The Broward Sheriff's Office firefighters are not happy with the sheriff's plans to cut his budget.
At tonight's Broward County budget hearing, the firefighter union is probably going to show up to share that discontent.
Sheriff Scott Israel is getting a larger budget than BSO had last year. But he said rising expenses in the area of employee pensions, health care (still under negotiation, now with Coventry) and employee pay raises mean he has to make some cuts.
One of his planned cuts, to save $1 million: Remove the ambulance from the fire station at mile marker 36 on Alligator Alley, aka Interstate 75 that crosses the Everglades to the west coast. That lonely stretch of road has been the scene of some horrific accidents.
The removal of the ambulance and its two firefighter-paramedics would leave just one fire truck manned by three firefighter-paramedics. It's capable of transporting one patient, union leader Walter Dix said.
The sheriff's new fire chief, Anthony Stravino, supports the reduction in the ambulance.
The firefighters and city of Weston don't.
Why does Weston care? Because city officials believe the ambulance they pay BSO for might be called in to handle Alligator Alley crashes. Weston's contract with BSO is under negotiation now.
Here's a letter Weston City Manager John Flint sent to county officials, in which he says it's the county's responsibility to provide emergency medical services to the unincorporated area out on Alligator Alley.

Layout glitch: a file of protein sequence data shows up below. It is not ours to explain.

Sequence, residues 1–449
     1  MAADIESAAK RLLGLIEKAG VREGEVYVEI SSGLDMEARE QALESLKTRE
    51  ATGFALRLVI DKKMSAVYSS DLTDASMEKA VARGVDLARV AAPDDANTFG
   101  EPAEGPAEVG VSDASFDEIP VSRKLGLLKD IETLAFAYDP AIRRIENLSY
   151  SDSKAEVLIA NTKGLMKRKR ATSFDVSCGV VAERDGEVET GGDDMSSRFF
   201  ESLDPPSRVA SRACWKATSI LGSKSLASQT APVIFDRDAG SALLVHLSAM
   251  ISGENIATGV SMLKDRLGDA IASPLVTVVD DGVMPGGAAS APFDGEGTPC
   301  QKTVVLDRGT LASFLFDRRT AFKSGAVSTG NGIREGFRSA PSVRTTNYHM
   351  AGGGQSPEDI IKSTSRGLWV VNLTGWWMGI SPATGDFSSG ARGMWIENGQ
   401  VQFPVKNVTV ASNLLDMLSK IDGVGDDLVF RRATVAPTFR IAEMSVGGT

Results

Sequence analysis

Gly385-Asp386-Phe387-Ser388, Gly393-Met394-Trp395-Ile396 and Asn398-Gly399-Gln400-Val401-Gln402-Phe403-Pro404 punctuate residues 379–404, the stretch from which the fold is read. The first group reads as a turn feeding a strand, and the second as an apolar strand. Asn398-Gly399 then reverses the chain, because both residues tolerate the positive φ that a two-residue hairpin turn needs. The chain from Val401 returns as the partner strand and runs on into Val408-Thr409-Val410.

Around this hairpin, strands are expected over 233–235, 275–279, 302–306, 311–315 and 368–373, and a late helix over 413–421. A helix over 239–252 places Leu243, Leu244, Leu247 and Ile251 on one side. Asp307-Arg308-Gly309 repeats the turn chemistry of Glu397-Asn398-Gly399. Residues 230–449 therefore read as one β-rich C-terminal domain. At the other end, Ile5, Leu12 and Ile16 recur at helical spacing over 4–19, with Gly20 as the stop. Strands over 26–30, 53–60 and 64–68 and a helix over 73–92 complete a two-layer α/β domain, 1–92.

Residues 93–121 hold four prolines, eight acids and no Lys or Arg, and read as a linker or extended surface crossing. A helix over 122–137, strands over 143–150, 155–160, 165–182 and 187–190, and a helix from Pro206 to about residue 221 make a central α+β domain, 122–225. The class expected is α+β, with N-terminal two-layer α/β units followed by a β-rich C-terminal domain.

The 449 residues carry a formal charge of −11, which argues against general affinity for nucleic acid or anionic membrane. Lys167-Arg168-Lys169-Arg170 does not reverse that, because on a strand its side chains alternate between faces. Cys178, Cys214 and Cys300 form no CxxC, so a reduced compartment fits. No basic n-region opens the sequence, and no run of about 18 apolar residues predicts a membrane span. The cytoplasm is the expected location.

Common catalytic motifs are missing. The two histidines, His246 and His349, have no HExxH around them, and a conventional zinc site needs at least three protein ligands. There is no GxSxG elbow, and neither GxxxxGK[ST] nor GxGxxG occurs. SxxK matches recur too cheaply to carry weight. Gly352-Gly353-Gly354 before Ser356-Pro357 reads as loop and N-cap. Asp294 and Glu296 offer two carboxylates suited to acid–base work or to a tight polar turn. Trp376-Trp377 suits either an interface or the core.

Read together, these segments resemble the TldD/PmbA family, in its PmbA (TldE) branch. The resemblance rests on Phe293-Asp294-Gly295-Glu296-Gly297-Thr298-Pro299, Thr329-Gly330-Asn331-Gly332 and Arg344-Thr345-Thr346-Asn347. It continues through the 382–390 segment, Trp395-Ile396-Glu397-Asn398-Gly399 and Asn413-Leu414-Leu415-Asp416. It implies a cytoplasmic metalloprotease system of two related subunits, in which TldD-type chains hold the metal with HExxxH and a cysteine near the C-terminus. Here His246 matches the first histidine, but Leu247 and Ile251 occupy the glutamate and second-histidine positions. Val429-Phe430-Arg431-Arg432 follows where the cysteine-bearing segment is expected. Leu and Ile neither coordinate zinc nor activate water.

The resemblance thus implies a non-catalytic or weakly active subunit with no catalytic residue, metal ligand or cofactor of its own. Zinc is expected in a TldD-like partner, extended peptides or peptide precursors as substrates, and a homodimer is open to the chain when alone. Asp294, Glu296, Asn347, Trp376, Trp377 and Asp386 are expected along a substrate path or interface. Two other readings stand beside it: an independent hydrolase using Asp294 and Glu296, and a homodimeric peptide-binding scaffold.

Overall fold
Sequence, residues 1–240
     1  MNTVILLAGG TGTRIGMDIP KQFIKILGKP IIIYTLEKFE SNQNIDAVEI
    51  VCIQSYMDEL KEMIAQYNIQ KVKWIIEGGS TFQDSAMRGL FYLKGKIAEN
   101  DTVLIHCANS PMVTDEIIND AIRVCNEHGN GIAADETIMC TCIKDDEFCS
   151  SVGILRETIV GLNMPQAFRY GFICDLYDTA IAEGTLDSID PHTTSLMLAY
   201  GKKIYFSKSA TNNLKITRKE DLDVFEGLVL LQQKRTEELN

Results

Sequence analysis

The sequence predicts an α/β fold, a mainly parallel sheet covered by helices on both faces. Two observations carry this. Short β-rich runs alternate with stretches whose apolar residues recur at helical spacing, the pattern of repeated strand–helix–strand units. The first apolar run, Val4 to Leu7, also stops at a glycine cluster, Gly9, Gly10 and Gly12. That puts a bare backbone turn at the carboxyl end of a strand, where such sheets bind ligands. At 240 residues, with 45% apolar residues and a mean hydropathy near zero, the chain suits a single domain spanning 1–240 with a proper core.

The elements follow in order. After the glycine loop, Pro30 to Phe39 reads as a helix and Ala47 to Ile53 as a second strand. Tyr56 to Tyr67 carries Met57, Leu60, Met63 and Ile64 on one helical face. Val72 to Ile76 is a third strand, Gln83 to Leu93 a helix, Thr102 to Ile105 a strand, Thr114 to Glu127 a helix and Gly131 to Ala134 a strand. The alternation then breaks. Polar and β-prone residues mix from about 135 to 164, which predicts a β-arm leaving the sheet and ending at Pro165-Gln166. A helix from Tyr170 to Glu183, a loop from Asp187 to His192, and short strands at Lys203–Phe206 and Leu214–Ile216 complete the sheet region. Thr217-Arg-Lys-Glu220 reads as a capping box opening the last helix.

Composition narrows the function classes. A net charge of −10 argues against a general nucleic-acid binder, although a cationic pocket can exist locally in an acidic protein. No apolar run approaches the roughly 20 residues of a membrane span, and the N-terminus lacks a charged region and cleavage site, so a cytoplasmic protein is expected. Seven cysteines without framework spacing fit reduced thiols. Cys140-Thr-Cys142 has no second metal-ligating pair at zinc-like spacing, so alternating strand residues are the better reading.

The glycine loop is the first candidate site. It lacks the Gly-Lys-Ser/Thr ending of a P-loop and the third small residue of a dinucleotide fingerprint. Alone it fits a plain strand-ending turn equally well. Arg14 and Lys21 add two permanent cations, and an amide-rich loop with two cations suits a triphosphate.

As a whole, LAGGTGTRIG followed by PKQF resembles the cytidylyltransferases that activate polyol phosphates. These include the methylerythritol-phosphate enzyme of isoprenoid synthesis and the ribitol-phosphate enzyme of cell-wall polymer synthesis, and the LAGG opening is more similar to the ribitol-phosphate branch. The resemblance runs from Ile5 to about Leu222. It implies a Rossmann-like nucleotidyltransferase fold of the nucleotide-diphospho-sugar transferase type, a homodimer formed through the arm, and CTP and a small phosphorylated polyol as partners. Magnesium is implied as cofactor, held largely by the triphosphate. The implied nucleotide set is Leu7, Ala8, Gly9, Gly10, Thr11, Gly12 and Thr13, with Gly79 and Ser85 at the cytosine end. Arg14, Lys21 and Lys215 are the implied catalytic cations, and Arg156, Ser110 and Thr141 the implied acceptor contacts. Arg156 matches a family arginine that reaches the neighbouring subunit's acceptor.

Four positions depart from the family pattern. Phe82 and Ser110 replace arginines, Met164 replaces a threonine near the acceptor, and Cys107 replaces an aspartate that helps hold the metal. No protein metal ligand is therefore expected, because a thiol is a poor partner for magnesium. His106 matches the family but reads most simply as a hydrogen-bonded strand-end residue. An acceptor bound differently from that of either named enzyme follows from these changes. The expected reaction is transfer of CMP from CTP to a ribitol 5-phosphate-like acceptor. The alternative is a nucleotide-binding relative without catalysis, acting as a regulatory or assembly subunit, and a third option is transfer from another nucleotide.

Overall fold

He said he "will not allow city funded personnel and equipment to be used'' as a replacement for Rescue 106.
Stay tuned. This fight will play out here in County Hall at the 5 p.m. budget hearing. Sheriff Scott Israel said he might attend.
Israel said he was told the stations runs about 300 calls a year. Dix said the number is more than double that - 700.
As an "Exhibit A,'' Dix sent county commissioners a newspaper article from 2003, when a horrible crash occurred on the Alley, killing three young people - an 11-year-old, a 14-year-old and a 20-year old. Then-Senate Majority Leader Bill Frist happened to be on the Alley and being a surgeon, he rendered aid.
The tragedy prompted the county to embed the ambulance at the fire station.
(Ten days later, an 18-year-old died in a crash on the Alley, near Weston. Ten days after that, six people were injured in a two car crash on the Alley, about as far west as you can go on the Alley and still be in Broward.)
Dix is hoping that bad memory from New Year's Day 2003 will prompt the commissioners to either cough up another $1 million for the sheriff, or demand that he keep the ambulance there.
"Having the five people out there saves lives,'' Dix said.
Israel said he's going to execute his budget cuts without layoffs, though he had threatened layoffs throughout the budget process.
The two employees who will be removed from the Alligator Alley station will fill vacant jobs, saving BSO money.
"Obviously I felt I gave the Broward County residents the answers. The answers were the budget I proposed,'' he said Monday night. "The County Commission ... decided not to give us the money. There's no good cuts to be made. If there was a good cut to be made, I wouldn't have had it in the budget to begin with.''